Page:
Guatemala has remarkably unequal distributions of income, resources and opportunities. Fortunately, Guatemala also has significant potential to accelerate broad-based economic growth and poverty reduction through trade, regional integration, and tourism. Some business sector leaders are energetically engaged in initiatives to extend education and achieve universal access to basic health care.
Poverty and extreme poverty are highly concentrated in rural areas and among indigenous communities. Almost 60 per cent of the population live in rural areas; 81 per cent of rural people are indigenous. The country’s high rates of illiteracy, infant mortality and infant malnourishment are even higher among rural indigenous peoples.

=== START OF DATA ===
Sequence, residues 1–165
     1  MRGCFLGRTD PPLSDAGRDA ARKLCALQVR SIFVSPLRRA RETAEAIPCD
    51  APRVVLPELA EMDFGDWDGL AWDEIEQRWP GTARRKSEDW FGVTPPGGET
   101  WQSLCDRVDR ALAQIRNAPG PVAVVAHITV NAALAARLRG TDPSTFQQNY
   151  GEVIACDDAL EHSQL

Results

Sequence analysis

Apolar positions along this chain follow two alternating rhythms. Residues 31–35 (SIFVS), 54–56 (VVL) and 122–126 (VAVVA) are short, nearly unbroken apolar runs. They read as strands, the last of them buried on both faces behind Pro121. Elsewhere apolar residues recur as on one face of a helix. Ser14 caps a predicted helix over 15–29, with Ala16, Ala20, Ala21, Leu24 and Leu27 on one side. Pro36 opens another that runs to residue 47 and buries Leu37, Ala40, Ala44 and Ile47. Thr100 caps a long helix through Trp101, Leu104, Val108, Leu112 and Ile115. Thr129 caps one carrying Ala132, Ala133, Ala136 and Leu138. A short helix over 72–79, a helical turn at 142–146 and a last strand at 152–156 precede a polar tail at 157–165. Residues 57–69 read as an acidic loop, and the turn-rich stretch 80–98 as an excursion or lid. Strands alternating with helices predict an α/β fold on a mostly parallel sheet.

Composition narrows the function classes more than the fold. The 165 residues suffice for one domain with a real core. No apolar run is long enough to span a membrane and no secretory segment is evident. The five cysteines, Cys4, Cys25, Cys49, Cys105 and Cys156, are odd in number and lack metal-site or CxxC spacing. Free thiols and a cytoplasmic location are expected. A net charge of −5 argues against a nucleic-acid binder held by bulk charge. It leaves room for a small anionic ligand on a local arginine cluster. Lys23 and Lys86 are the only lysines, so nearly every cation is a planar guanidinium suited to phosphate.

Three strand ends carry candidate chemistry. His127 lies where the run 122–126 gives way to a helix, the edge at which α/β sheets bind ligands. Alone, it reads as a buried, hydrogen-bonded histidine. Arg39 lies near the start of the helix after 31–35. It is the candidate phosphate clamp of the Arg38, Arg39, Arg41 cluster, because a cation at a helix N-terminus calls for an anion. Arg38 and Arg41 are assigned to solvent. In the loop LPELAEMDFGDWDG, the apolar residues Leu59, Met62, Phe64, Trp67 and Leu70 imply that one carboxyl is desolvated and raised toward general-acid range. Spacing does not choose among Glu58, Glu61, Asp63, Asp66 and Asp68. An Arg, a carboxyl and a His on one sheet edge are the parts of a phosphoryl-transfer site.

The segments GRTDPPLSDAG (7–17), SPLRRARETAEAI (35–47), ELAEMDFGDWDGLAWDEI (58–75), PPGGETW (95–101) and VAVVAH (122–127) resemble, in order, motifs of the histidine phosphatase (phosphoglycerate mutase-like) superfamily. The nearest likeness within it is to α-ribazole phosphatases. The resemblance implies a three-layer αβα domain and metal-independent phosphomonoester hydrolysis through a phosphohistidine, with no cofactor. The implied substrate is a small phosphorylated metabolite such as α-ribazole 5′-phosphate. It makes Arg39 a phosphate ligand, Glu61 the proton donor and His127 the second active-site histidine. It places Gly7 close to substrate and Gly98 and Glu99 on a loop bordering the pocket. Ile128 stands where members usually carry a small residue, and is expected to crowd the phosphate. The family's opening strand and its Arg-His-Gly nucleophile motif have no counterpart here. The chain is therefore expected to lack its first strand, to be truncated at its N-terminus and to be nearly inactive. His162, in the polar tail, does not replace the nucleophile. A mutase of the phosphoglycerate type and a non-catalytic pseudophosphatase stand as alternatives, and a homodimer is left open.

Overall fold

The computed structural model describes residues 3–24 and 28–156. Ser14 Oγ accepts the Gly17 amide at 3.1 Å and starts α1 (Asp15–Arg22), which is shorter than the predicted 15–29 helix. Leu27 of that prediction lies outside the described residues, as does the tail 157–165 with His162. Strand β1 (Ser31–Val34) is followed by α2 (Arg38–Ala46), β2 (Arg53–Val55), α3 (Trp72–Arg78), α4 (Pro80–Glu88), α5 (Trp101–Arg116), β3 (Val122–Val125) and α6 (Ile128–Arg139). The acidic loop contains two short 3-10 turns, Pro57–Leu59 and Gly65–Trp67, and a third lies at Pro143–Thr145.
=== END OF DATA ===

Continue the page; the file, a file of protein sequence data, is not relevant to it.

One of the main causes of poverty in the country is lack of access to productive resources, especially land and water.
Guatemala’s topography and its 23 languages complicate efforts to expand education and health services, and contribute to an extremely low rate of labour productivity. Agriculture, which employs most of the poor, was particularly hard hit from the combined impacts of the worldwide economic downturn in the world coffee and cardamom markets.